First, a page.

July 20, 2012
Several states have considered allowing advertisements on school buses in an effort to raise revenue for distressed public school districts. Unhindered advertisements on buses may result in children being exposed to advertising that undermines public health or encourages unhealthy behaviors, according to a paper recently published in the American Journal of Public Health.
School districts should be aware of First Amendment case law related to government property so they can enact policies to prohibit advertising that is inappropriate for a school setting.
“By enacting and enforcing such policies, school officials can maintain control over the speech permitted on school property, including buses, to protect children while in their care,” said author Jennifer Pomeranz, JD, MPH, Director of Legal Initiatives at the Rudd Center.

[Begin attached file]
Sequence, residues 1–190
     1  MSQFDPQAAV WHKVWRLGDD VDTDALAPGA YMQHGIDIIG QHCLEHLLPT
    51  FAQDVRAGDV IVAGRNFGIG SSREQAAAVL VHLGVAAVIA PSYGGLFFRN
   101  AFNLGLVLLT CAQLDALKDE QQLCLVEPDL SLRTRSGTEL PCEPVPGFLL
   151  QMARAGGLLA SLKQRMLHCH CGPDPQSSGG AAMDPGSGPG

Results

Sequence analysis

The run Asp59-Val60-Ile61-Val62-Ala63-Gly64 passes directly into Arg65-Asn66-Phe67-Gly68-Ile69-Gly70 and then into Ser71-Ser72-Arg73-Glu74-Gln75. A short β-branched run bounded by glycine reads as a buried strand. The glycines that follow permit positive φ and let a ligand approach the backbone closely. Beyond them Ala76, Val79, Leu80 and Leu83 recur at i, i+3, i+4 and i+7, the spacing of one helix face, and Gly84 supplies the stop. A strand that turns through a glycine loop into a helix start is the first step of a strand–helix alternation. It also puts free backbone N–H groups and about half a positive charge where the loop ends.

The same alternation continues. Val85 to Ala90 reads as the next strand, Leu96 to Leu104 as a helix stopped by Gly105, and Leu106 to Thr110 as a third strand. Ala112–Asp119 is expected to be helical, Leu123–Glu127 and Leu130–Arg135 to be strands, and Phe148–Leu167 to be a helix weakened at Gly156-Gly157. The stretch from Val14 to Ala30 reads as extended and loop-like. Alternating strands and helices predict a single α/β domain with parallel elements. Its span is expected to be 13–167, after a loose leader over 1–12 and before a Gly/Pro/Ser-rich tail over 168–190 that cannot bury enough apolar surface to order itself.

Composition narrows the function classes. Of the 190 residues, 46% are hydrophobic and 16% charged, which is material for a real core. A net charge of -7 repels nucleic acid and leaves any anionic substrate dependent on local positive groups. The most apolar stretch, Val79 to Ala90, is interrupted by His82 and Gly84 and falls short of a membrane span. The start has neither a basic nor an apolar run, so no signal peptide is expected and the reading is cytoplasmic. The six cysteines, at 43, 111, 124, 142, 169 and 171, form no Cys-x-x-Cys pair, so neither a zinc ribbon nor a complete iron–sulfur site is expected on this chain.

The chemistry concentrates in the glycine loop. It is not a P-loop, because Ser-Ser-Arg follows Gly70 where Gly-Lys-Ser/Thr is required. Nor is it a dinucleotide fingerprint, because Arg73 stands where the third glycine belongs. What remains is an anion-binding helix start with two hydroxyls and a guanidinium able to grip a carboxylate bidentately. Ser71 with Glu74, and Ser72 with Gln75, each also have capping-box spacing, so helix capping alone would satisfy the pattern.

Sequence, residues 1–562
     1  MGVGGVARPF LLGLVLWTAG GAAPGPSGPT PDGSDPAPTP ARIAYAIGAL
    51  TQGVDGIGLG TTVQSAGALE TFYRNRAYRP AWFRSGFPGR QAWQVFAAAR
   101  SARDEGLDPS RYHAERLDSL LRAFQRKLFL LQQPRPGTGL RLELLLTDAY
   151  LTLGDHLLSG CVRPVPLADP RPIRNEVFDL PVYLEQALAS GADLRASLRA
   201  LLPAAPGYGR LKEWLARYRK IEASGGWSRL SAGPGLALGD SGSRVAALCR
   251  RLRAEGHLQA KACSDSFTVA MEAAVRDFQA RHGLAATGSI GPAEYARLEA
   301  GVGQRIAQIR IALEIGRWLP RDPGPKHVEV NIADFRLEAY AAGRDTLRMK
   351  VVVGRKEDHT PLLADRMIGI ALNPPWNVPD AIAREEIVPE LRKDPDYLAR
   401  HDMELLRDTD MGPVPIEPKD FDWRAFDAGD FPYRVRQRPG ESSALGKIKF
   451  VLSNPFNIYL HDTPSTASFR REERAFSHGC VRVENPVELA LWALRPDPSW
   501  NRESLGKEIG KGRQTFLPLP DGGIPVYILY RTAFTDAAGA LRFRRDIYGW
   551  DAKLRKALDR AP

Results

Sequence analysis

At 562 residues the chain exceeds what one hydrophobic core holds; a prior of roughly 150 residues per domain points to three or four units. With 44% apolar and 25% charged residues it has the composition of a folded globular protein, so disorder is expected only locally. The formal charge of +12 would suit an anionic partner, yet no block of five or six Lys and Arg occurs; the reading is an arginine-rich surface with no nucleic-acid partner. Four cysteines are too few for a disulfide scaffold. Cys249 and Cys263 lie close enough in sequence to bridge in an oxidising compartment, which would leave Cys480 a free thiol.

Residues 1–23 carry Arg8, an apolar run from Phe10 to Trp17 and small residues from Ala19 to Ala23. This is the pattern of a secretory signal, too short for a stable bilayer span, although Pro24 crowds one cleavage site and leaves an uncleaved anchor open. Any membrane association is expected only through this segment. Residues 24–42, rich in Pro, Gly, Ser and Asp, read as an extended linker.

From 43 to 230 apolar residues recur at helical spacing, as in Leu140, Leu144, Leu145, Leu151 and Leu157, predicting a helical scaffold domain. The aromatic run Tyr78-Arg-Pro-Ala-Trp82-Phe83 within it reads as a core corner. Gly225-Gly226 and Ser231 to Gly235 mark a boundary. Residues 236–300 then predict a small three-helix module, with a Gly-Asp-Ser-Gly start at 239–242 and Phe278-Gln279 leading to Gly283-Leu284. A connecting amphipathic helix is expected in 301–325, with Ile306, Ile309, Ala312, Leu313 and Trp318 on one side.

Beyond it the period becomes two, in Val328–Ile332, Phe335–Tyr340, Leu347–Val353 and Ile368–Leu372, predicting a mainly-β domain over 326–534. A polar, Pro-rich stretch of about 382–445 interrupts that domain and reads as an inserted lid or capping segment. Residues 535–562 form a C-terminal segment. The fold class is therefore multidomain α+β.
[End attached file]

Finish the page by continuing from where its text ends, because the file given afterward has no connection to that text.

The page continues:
The Campaign for a Commercial-Free Childhood reports that Texas, Arizona, Colorado, Tennessee, Massachusetts, New Jersey, Utah, Nevada, and New Mexico currently allow advertising on the exterior of school buses. Eight states, including New York, Rhode Island, California, Washington, Florida, Kentucky, Missouri, and Indiana, considered legislation this session that failed to pass.